Palestinian youth working together to tackle bullying in Lebanon’s refugee camps

By Wafa Dakwar, Medical Aid for Palestinians' (MAP’s) Senior Programme Officer in Lebanon

Bullying is a global problem, prevalent in all communities and cultures. The UN estimates that one in three students around the world experiences bullying, which can take multiple forms, including harassment, physical or emotional aggression, name calling and mockery. It can have serious, long-lasting consequences for young people, including reduced educational attainment; increased likelihood of leaving education early (or ‘dropping out’ of school); and social, emotional, and psychological problems. Children who are bullied are twice as likely to feel lonely and to have contemplated suicide than those who are not.

High rates of bullying have been documented in the long-marginalised and impoverished Palestinian refugee community in Lebanon. A study by Save the Children in 2018 reported higher rates of bullying among Palestinian refugee children in Lebanon (58%) compared to children in the Lebanese host community (50%) and Syrian refugee communities (51%). A Global School-Based Student Health survey administered in UNRWA schools, where most Palestinian refugees in Lebanon receive their education, identified similar rates of bullying and uncovered a pervasive lack of awareness about its harmful consequences. This was attributed to the challenging environment of the refugee camps, where frequent exposure to violence has inured many children to bullying, with some coming to perceive as acceptable those acts where no physical injury is caused.

The MAP-supported Adolescent Health and Life-Skills Education project, implemented in partnership with local organisation Beit Atfal Assomoud, has been working across all Palestinian refugee camps in Lebanon to address this serious issue. A team of adolescent boys and girls organise weekly peer education sessions to help raise awareness about bullying and other issues affecting their lives, and to develop empathy and other key skills to address these problems. The sessions are interactive, with key messages on how to respond to bullying and seek help are conveyed through role play, theatre and games.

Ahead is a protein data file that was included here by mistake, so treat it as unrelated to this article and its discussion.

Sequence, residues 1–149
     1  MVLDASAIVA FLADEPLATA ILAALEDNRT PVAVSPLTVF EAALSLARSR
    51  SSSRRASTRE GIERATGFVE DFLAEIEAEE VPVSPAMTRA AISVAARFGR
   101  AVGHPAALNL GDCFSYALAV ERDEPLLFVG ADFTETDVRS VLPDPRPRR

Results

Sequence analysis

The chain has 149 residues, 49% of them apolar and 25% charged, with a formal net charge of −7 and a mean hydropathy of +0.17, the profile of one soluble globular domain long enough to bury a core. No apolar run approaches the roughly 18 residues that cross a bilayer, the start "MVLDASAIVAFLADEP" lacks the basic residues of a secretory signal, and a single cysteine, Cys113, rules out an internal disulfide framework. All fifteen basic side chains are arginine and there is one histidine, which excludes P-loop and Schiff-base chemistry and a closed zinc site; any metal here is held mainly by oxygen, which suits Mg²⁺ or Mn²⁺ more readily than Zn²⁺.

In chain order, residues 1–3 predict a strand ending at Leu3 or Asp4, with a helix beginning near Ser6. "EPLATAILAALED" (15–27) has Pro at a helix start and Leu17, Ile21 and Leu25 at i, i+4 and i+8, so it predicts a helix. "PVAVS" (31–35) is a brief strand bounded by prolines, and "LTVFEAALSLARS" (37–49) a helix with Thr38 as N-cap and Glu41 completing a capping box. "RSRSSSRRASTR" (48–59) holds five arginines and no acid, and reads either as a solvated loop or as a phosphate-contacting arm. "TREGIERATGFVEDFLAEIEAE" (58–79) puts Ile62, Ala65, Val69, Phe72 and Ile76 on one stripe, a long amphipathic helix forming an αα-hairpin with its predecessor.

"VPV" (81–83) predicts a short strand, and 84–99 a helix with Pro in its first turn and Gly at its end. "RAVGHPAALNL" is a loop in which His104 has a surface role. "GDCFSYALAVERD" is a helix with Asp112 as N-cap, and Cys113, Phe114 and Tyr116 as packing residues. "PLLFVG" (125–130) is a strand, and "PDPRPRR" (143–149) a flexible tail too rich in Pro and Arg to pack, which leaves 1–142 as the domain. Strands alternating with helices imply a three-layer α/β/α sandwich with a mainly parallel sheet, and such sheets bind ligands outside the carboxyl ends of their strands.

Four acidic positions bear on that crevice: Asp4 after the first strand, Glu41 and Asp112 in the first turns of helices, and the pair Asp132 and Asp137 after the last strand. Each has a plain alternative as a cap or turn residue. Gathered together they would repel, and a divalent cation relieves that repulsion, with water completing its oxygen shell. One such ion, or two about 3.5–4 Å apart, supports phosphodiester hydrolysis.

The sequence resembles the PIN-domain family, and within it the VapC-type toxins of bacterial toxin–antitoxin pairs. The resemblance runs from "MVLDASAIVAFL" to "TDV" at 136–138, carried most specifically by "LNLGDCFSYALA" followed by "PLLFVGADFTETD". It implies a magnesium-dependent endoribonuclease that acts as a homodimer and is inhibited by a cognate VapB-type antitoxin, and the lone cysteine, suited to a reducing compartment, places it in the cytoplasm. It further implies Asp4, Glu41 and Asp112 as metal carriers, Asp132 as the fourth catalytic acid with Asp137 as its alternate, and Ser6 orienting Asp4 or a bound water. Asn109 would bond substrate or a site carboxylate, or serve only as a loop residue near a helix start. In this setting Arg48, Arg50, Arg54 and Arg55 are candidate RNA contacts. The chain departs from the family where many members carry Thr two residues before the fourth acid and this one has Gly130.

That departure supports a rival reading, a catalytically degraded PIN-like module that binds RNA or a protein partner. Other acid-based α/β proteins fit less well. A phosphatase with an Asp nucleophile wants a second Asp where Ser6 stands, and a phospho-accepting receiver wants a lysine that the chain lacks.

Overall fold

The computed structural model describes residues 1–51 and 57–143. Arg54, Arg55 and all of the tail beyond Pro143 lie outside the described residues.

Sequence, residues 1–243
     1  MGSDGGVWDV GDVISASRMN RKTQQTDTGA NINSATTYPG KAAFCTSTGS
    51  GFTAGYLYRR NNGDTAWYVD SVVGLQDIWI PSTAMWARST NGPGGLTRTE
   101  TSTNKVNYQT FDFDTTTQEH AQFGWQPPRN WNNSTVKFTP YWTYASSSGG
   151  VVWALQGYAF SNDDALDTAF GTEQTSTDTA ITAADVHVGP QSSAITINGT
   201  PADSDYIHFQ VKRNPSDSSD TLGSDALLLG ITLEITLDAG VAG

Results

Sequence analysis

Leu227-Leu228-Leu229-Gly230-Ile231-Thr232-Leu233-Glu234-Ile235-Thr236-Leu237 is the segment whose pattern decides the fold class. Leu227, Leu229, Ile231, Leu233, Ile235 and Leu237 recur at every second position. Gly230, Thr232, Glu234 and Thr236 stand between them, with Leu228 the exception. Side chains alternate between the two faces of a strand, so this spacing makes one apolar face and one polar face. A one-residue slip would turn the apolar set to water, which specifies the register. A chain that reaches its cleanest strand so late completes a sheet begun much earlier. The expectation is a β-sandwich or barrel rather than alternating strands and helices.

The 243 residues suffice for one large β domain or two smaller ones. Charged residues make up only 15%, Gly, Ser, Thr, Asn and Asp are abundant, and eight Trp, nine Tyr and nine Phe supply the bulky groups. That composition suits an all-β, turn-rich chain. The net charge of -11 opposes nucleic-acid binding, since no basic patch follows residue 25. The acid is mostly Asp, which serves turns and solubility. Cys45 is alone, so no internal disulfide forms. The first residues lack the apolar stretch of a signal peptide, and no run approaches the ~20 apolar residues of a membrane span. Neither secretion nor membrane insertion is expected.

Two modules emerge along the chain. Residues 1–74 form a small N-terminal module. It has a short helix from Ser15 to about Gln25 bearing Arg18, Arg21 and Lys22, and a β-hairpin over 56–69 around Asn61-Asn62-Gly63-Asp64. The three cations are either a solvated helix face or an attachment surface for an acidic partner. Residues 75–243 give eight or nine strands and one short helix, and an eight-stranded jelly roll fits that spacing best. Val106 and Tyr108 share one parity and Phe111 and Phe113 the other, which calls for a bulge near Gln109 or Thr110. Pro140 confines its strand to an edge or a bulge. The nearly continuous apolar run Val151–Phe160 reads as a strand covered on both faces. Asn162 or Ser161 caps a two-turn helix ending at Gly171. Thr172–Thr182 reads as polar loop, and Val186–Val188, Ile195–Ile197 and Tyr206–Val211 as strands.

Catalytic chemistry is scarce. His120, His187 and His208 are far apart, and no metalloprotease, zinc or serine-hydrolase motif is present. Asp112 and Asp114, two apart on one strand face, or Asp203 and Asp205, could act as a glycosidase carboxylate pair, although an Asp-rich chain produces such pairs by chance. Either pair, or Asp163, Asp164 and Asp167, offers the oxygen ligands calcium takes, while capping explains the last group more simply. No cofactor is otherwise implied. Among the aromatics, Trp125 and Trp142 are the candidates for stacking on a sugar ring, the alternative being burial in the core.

One participant, after attending a peer education session on bullying, reflected to MAP: “I’m glad that we talked about this topic. Sometimes we bully others without noticing. When something upsets me, I often take it out on my younger sister. Now I know how she feels.”

As stopping bullying requires understanding and action beyond just the classroom or the playground – including families and the wider community – the project also organises similar workshops and events for parents and other community members.

Following the outbreak of COVID-19 in Lebanon, the peer educators have been conducting virtual sessions and posting on social media short and engaging videos about the topics discussed in the project. Their recent video on bullying depicts a classroom with students mocking their classmate for stuttering when the teacher asked him to read aloud. The teacher explains to them what bulling is and highlights that what they are doing is considered a form of bullying. The video explores the impact of bullying on the student, including the issue of school drop-out. Peer educator Mohamad helped to design and deliver this video, and told MAP:

“Following the outbreak of coronavirus, we stopped conducting sessions in the centre and started doing online activities instead. We [peer educators] produced a short video about bullying where we gave the key messages in an interesting and engaging way. We posted it on the project’s Facebook page, and received great feedback.”

To hear more from Mohamad about his experience volunteering in the project, the impact of COVID-19 on youth in his community, and how he and the team are helping young Palestinian refugees to cope with these new challenges click here.

Please donate today, to help MAP continue supporting young Palestinian refugees amid the coronavirus pandemic:

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